Trudeau tries to boost re-election campaign
HAMILTON – Canadian prime minister Justin Trudeau entered the crucial last stage of his re-election campaign on Friday, after an inconclusive leaders’ debate in which he failed to land many blows on his main rival.
Trudeau, who heads a minority government that depends on the opposition to pass legislation, called the September 20 election two years early to capitalise on his Liberal government’s handling of the COVID-19 pandemic.
But the 49-year-old leader, who has been in power for six years, struggled to make a mark on the campaign trail amid voter fatigue and the public’s unhappiness with the early election call.
Polls show the Conservatives led by Erin O’Toole, 48, have a slight lead and could win enough seats to form a government.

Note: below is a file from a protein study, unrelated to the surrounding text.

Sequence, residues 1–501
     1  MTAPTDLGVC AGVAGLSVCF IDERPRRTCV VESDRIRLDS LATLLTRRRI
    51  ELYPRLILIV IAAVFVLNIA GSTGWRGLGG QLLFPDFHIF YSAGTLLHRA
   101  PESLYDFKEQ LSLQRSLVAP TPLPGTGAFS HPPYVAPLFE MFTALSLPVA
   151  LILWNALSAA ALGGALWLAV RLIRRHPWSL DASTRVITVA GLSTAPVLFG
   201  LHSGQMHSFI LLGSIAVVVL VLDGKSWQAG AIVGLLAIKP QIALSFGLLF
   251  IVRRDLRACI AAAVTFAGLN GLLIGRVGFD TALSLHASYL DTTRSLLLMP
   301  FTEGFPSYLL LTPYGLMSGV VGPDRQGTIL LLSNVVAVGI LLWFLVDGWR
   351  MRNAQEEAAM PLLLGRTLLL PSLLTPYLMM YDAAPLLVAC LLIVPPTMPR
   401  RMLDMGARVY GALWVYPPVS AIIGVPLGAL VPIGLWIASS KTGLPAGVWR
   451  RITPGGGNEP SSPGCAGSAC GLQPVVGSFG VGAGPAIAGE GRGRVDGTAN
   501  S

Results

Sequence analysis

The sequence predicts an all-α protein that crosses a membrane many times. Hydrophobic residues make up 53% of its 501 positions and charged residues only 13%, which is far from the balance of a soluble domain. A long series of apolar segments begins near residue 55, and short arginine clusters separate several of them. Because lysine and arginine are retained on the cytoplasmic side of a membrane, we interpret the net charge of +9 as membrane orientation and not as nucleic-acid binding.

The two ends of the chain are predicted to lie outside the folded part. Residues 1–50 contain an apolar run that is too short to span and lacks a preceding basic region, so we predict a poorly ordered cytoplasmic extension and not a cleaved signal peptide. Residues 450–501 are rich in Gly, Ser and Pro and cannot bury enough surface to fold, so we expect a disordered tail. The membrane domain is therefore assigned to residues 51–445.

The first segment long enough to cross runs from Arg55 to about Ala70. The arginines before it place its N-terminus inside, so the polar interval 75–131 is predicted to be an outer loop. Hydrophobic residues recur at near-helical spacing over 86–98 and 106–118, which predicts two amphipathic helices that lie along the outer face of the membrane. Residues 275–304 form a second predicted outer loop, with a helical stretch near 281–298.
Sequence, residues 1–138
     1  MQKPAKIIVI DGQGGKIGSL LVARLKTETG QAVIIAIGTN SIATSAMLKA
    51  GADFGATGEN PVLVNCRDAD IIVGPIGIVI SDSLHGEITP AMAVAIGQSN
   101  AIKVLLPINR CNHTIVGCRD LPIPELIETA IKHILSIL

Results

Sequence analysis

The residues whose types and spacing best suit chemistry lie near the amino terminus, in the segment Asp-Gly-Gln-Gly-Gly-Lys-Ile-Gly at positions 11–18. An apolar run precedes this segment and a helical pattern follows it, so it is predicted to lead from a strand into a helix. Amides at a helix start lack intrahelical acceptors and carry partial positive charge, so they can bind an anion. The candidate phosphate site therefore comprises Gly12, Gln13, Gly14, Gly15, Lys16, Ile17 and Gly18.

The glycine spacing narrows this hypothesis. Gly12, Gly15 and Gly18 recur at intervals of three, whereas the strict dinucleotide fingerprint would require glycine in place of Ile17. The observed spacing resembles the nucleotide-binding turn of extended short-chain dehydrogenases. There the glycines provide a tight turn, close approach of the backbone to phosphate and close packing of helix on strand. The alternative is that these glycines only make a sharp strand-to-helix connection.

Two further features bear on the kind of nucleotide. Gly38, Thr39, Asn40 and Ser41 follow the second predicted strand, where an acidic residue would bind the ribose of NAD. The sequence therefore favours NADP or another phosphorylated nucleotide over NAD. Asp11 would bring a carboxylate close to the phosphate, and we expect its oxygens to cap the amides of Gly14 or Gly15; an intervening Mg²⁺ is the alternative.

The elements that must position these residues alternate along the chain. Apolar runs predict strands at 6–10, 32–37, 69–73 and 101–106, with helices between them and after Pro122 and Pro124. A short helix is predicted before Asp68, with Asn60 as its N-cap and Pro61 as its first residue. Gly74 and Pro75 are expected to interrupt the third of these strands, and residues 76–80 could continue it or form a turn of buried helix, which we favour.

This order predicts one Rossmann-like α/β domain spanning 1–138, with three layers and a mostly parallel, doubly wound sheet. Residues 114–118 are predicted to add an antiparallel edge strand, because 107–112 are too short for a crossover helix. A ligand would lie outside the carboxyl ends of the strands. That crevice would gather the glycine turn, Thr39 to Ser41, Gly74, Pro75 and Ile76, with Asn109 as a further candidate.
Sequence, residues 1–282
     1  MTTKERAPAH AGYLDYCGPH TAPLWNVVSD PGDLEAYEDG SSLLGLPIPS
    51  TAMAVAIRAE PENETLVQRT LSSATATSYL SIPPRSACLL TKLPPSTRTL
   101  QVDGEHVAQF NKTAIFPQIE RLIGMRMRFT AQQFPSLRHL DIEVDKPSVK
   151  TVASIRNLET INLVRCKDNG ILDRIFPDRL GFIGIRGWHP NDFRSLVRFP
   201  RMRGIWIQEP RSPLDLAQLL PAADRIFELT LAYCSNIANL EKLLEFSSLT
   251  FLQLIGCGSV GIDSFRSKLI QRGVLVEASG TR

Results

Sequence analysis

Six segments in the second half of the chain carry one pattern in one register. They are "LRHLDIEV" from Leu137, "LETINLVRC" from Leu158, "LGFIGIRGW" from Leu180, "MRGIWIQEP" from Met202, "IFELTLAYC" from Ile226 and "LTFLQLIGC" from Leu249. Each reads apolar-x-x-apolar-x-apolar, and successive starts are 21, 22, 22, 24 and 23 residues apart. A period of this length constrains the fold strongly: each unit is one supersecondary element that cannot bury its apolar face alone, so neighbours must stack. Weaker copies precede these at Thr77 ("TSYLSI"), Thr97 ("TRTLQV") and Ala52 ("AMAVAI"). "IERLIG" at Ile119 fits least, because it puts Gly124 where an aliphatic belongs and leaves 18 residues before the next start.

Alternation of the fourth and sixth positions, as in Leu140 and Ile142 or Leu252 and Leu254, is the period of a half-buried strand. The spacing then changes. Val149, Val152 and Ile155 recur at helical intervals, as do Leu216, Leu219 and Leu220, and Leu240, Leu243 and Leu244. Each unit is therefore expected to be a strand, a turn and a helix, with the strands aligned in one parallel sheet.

O’Toole, who has had little chance to introduce himself to voters since becoming the leader of the Conservatives last year, said Trudeau was corrupt and would run up unsustainable debts.
Trudeau’s government racked up record levels of debt with programmes to help dull the economic impact of the pandemic, aid which he said helped the economy recover more quickly.
Statistics Canada said 90,200 jobs were added in August and the unemployment rate fell to 7.1 per cent, the lowest since the onset of the pandemic.
Trudeau and O’Toole, along with the leaders of three smaller parties, took part in a two-hour televised debate on Thursday.
The debate can be an important way to attract voters, but its complex format meant leaders often talked over each other and gave Trudeau few chances to score points on O’Toole.
Three senior Liberals with a direct role in running the campaign said the evening had been a disappointment.